Bandit’s Cantina Episode 98: Mandate Madness Trying Business Survival in Los Angeles By Bandit with George Fleming and Jon Towle Illustrations Between Covid and multiple mandates, the Cantina business model imploded. It was no longer about food and parties. It was all about survival. Every Monday morning the staff met to discuss how to get through the next week. More and more young loners came to the Cantina to help or hide out. Walker’s Café on Pt. Fermin closed after almost 70 years as a coastal biker hangout. Between break-ins and anti-fossil fuel zealots Bikers were no longer allowed to ride along the scenic winding coast. Brothers who needed cash sold extra parts in a small swap area in the Cantina garages. Some gave parts to the Cantina to sell to pay the bills, others brought stuff to sell and split with the Cantina. CLICK HERE To Read Latest Episode of Bandit’s Cantina – The Series. Join the Cantina to catch-up on this incredible journey. Click Here to Sign-up before the 100th Episode Milestone.
by Felicity Donohoe from https://www.pressandjournal.co.uk UK motorcycle sales have shown a healthy post-pandemic recovery with figures revealing a fresh enthusiasm for purchasing new machines – including EVs. Recent data from the Motor Cycle Industry Association shows that 13,398 units were sold in May 2021, an increase of 148.4% compared with May 2020, with sales topping 43,242 for the first five months of this year and across all segments. Adventure Sport and Naked categories were up 242% and 197% in sales (2,449 and 4,567 respectively) in May but EVs have found a place in the revived market, seeing 509 sales in May 2021 compared to 119 sales last May. The sales reflect the interest in alternatives to cars and public transport solutions, along with the financial, environmental and practical benefits that riding offers. Tony Campbell, CEO of MCIA said: “May’s figures are against a time in 2020 when the first wave of the pandemic had hit. We forecast a positive summer for the sale of PTWs (powered two wheelers) and associated products as restrictions ease, and the backlog of those awaiting CBT and testing reduces. “As life returns to normal and people return to their leisure pursuits we’ll be ensuring our close links with Government consider PTWs at every opportunity.” Top 10 motorcycle sales May 2021 Honda: 2,392 Yamaha: 1,717 Triumph: 1,133 BMW: 1,009 Kawasaki: 810 KTM: 652 Lexmoto: 418 Harley-Davidson: 404 Royal Enfield: 397 Ducati: 388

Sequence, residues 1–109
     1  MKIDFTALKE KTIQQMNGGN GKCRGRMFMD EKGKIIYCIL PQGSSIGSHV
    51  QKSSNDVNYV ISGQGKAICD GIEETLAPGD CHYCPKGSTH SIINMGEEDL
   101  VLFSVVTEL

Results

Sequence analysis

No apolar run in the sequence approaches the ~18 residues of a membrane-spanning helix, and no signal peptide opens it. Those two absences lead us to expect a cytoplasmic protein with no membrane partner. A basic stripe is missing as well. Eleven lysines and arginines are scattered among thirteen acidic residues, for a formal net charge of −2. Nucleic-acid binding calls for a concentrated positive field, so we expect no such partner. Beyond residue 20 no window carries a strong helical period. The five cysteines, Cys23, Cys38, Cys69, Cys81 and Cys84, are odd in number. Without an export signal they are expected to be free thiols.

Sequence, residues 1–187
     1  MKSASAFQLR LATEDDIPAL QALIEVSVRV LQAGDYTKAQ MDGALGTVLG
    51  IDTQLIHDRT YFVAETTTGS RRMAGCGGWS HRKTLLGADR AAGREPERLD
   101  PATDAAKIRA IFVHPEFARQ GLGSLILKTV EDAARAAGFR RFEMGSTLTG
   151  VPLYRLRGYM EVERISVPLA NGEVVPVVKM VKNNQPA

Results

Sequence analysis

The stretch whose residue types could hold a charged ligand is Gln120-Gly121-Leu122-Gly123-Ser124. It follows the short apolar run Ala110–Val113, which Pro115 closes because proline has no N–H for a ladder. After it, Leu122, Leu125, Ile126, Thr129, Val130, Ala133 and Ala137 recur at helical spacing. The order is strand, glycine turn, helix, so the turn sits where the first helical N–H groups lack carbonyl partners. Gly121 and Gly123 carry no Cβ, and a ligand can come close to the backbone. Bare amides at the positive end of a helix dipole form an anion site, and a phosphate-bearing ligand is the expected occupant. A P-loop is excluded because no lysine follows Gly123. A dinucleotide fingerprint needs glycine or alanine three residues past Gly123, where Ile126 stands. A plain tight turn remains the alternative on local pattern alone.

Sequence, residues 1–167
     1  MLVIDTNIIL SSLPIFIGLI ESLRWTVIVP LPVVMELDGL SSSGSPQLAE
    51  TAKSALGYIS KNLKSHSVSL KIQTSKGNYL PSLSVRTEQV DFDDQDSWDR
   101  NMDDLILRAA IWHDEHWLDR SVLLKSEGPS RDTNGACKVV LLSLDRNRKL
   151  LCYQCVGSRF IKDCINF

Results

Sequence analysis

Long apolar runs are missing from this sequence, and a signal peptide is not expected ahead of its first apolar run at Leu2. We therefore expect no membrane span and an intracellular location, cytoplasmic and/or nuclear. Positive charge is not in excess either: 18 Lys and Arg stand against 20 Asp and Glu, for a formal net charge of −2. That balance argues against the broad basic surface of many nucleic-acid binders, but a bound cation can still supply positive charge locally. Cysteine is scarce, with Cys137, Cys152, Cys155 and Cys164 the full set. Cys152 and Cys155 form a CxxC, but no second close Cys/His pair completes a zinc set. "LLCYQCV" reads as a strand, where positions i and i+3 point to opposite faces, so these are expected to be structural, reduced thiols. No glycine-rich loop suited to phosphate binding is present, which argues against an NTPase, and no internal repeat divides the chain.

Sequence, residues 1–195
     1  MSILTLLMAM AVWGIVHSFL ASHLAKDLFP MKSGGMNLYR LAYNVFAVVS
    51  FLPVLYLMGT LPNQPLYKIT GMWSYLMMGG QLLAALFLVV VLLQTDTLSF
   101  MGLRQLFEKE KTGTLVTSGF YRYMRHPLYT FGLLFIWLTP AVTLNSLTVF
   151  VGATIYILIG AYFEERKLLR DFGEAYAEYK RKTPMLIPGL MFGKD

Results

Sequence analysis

by Bloomberg from https://auto.economictimes.indiatimes.com The chip crunch was born out of an understandable miscalculation as the coronavirus pandemic hit last year. When Covid-19 began spreading from China to the rest of the world, many companies anticipated people would cut back as times got tough. To understand why the $450 billion semiconductor industry has lurched into crisis, a helpful place to start is a one-dollar part called a display driver. Hundreds of different kinds of chips make up the global silicon industry, with the flashiest ones from Qualcomm Inc. and Intel Corp. going for $100 apiece to more than $1,000. Those run powerful computers or the shiny smartphone in your pocket. A display driver is mundane by contrast: Its sole purpose is to convey basic instructions for illuminating the screen on your phone, monitor or navigation system. The trouble for the chip industry — and increasingly companies beyond tech, like automakers — is that there aren’t enough display drivers to go around. Firms that make them can’t keep up with surging demand so prices are spiking. That’s contributing to short supplies and increasing costs for liquid crystal display panels, essential components for making televisions and laptops, as well as cars, airplanes and high-end refrigerators. “It’s not like you can just make do. If you have everything else, but you don’t have a display driver, then you can’t build your product,” says Stacy Rasgon, who covers the semiconductor industry for Sanford C. Bernstein. Now the crunch in a handful of such seemingly insignificant parts — power management chips are also in short supply, for example — is cascading through the global economy. Automakers like Ford Motor Co., Nissan Motor Co. and Volkswagen AG have already scaled back production, leading to estimates for more than $60 billion in lost revenue for the industry